(Illustration by Wes Bausmith…)
I hate the season of New Year’s resolutions. Even if you don’t make any pledges, or proclaim that you’re above this annual practice, you can’t avoid resolution-mania. Every media outlet is saturated with reminders to get in shape -- physical, financial or otherwise. And every social media feed has everyone you know and their mom and your mom echoing the same yearly promises.
I’m at optimist at heart. I should love the idea of a fresh start and renewed intentions. But instead, I cringe through this time of year when we collectively punish ourselves during a month of shame and self-loathing.
I especially loathe all of the pressure to lose weight. I didn’t gain any weight over the holiday season, or in the last year for that matter -- yet, here I am feeling bad about my body, which I was perfectly content with in October.
Why do we do this to ourselves?
On Tuesday, the Journal of the American Medical Assn. published a study that should have all caused us to rejoice: being moderately overweight may actually be good for you. Reporting on the study, The Times’ Rosie Mestel wrote that “people classified as overweight, with a BMI of 25 to 29.9, died at slightly lower rates -- not higher -- than those of so-called normal weight.”
In an Op-Ed for the New York Times, Paul Campos, author of The Obesity Myth: Why America’s Obsession With Weight Is Hazardous to Your Health,” put this finding in context:
To put some flesh on these statistical bones, the study found a 6 percent decrease in mortality risk among people classified as overweight and a 5 percent decrease in people classified as Grade 1 obese, the lowest level (most of the obese fall in this category). This means that average-height women -- 5 feet 4 inches -- who weigh between 108 and 145 pounds have a higher mortality risk than average-height women who weigh between 146 and 203 pounds. For average-height men -- 5 feet 10 inches -- those who weigh between 129 and 174 pounds have a higher mortality risk than those who weigh between 175 and 243 pounds.
Good news, right? We can stop starving ourselves? Not so fast, warns Campos, who also writes:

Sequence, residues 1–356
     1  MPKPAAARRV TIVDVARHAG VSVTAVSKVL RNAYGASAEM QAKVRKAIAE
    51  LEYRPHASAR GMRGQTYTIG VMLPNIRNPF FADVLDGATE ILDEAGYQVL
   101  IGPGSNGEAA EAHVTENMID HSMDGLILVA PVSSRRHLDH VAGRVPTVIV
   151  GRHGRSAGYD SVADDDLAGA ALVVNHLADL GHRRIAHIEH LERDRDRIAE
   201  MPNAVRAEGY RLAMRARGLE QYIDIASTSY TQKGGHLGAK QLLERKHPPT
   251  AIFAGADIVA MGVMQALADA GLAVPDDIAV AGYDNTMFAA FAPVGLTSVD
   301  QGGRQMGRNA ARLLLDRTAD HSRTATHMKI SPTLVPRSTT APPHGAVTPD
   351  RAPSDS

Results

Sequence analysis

There is no reason to believe that the trivial variations in mortality risk observed across an enormous weight range actually have anything to do with weight or that intentional weight gain or loss would affect that risk in a predictable way.
He giveth, and then he taketh away. Not that it really matters. As an Op-Ed in our Opinion pages points out, our drive to lose weight has more to do with satisfying societal pressures than losing weight. On weight-based discrimination, Abigail Saguy writes:
Yale researchers have shown that weight discrimination in the United States has increased dramatically in the last decade and is now comparable in prevalence to rates of reported racial discrimination, especially among women. Multiple studies have documented weight bias in employment, healthcare, education and public spaces — unequal treatment based on stereotyping fat people as lazy, unmotivated, sloppy and lacking in self-discipline and competence. Heavier women are not only less likely to be hired and less likely to earn a higher salary compared with their similarly qualified thinner peers, but they are also less likely to marry or to marry a high-earning spouse. Unlike thinner women, who can more easily climb the social and economic ladder, heavy women face the prospect of downward social mobility.
When I was doing research for a book on the social understanding of fat, several heavy women told me they were often reproached for eating in public. Some tearfully shared stories of having had people actually throw food at them. Other researchers have documented a practice called "hogging," in which young men sexually prey on fat women and then, during the sex act, have their male friends jump out of hiding and humiliate them. Heavy women are routinely ridiculed in advertisements, television and film. Even children express negative attitudes about their heavier peers, a tendency that has gotten worse in the past 40 years.
Reading Saguy’s piece (you can read the whole thing here) makes me regret the last 20 years I’ve spent on a diet -- and contributing to the problem. But she does suggest just the sort of resolution that’ll help me atone for my ways. And for once, it’s not the sort of promise designed to make people feel bad about themselves.
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Follow Alexandra Le Tellier on Twitter @alexletellier